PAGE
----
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i8o                 HISTORY OF PERSIA                CHAP.
exclaiming that it was a Holy War ensuring Paradise,
swept them off the field, with a loss of more than half
their numbers.
After making a triumphal entry into Caesarea, Bay-
bars, finding that the princes of Asia Minor ^ared not
join him from fear of Abaga, retired to Damascus, where
he died. Abaga, too late to retrieve the disaster, marched
through Asia Minor, inflicting punishment on those who
had failed in their duty with merciless severity, and upon
his return to Persia sacrificed the Governor of Asia Minor
to the resentment of the widows of his defeated soldiers.
The Battle of Hims, A.H. 680 (1281).—Burning to
avenge the disaster of Abulistin, Abaga took advantage of
a revolution in Egypt to invade Syria, and a great battle
was fought near Hims, in the vicinity of the tomb of
Khalid, the famous Moslem general. As at Abulistin,
the battle began with a charge of the Mongol left wing,
which, however, was repulsed. The Egyptians in turn
charged and routed the Mongol left, but as an offset to
this success their own left was broken by the right
Mongol wing, which pursued it to the gates of Hims.
There the Mongols occupied themselves with looting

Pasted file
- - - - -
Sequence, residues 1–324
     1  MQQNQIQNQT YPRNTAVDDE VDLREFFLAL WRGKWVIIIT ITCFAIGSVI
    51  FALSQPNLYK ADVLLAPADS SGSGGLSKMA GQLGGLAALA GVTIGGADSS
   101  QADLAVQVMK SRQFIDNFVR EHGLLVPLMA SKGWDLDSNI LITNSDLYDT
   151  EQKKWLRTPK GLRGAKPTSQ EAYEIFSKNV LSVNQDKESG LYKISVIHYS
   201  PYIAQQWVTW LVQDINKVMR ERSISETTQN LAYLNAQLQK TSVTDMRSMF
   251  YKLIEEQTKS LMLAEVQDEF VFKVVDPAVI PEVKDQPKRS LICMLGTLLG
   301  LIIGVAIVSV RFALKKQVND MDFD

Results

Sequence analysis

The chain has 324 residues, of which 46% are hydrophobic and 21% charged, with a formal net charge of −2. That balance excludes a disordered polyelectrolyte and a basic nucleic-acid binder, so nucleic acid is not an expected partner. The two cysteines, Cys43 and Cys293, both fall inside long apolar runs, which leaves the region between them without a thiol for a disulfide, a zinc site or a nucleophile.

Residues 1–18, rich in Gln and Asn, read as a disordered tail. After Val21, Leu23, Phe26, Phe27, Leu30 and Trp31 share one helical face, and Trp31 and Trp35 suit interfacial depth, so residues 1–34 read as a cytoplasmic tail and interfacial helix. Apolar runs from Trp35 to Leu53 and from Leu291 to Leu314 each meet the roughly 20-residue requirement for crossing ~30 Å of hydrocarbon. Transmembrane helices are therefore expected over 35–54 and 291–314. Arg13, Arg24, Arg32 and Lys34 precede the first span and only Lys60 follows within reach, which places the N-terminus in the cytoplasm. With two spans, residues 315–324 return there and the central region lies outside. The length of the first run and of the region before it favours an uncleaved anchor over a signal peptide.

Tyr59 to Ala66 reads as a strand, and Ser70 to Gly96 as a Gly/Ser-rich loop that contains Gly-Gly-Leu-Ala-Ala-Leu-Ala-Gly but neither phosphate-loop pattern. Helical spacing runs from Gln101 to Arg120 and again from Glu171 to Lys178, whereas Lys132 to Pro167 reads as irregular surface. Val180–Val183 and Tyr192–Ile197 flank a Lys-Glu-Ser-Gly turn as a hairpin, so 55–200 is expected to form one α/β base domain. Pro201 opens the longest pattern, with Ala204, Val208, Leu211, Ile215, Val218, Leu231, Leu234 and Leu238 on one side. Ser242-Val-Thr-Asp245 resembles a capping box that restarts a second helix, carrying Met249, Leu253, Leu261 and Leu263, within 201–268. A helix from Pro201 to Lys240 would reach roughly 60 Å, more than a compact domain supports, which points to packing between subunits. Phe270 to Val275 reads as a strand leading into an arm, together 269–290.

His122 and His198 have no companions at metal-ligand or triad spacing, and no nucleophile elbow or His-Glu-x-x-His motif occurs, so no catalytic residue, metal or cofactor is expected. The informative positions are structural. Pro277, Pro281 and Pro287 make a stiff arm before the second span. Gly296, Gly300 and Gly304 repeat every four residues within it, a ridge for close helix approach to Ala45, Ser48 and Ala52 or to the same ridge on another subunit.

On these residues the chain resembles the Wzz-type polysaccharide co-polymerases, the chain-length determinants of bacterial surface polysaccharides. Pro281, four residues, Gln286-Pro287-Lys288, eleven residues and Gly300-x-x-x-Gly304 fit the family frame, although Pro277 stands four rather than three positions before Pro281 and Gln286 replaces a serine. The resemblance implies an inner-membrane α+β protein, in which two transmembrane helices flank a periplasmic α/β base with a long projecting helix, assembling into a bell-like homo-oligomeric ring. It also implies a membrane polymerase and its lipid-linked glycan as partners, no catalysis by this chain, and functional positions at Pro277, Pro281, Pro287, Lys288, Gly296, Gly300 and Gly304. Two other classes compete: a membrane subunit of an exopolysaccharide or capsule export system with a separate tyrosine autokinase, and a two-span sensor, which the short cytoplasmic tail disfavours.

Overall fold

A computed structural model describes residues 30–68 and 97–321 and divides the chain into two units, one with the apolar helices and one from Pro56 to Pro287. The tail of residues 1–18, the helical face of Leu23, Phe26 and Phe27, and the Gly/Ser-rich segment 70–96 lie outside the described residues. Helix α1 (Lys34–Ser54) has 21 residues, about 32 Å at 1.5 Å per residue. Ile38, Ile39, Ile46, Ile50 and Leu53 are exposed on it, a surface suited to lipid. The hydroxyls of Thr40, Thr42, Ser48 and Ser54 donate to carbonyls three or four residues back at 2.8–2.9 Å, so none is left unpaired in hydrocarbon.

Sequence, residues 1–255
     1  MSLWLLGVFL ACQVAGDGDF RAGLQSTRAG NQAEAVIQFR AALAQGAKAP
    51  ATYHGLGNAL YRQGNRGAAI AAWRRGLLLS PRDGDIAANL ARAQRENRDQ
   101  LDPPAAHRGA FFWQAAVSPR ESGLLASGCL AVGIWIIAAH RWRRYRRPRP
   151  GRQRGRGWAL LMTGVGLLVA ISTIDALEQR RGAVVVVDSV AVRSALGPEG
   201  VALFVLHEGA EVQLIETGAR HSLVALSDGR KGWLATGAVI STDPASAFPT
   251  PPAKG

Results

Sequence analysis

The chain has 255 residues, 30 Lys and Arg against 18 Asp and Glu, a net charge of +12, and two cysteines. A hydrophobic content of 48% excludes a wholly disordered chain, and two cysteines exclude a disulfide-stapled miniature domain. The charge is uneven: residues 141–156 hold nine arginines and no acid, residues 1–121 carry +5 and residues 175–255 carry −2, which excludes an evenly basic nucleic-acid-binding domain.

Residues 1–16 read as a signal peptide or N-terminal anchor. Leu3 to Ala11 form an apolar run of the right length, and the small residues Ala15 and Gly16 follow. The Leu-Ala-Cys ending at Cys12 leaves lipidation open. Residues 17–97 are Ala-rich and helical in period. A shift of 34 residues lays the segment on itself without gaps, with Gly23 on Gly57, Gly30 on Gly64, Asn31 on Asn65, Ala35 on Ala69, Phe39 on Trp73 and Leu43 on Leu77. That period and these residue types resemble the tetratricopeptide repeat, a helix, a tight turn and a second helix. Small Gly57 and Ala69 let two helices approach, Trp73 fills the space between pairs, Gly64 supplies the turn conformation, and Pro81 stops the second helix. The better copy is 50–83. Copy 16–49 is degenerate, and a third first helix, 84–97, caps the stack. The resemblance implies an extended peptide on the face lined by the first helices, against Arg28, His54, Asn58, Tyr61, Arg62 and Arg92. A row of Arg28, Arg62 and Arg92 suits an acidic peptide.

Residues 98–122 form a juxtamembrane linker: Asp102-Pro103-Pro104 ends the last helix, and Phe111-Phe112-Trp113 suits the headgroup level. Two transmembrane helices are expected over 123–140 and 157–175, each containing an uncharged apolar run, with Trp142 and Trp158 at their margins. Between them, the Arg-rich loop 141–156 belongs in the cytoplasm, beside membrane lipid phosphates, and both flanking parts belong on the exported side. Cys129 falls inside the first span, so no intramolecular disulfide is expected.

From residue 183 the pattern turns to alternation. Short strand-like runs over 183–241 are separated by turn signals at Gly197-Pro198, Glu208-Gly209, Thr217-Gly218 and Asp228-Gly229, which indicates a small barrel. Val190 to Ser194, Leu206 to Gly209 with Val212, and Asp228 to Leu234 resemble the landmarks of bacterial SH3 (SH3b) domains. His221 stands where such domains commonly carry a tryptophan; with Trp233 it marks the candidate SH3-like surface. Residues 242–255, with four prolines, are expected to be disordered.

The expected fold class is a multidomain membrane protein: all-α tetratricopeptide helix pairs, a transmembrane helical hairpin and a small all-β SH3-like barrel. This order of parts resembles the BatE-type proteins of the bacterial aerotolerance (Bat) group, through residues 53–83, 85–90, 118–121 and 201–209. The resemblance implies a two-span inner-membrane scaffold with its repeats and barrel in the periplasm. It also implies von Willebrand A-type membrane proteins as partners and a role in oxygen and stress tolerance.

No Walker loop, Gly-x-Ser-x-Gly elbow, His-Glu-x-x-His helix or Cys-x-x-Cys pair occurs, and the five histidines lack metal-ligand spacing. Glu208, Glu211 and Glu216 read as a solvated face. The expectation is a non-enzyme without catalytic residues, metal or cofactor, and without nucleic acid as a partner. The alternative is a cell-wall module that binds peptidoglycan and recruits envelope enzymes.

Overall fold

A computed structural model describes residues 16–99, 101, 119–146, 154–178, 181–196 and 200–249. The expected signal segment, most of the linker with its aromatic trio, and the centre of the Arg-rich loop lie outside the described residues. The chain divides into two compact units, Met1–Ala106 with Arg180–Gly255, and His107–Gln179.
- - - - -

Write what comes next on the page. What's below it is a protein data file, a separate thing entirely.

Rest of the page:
while awaiting the main body, whose success they never
questioned. But meanwhile the Mongol centre, under
Mangu-Timur, the brother of Abaga, had broken and
fled, and consequently the Egyptians remained masters
of the field ; in the pursuit which ensued the Mongol
losses were heavy.1 This was the last expedition under-
taken by Abaga, who died in the following year.
The Intercourse of Abaga with Europe.—Christendom,
represented by the Pope, had, as already mentioned,
made friendly overtures to the Mongols, whose protection
of Christians had become known. At this period quite a
correspondence ensued with Abaga, much of which has
been preserved. Among the letters, that written by
Edward I. of England is of special interest, and is given
as a heading to this chapter. In pursuance of his policy,
1 An interesting contemporary account of this battle, which makes the Mongol
defeat seem less severe, is found in a letter from Joseph de Cancy, a Knight Hospitaller,
to King Edward I. of England. A translation of this document and of the reply to it
is given. 4n Howorth's op. cit. vol. iii. p. 763 ff.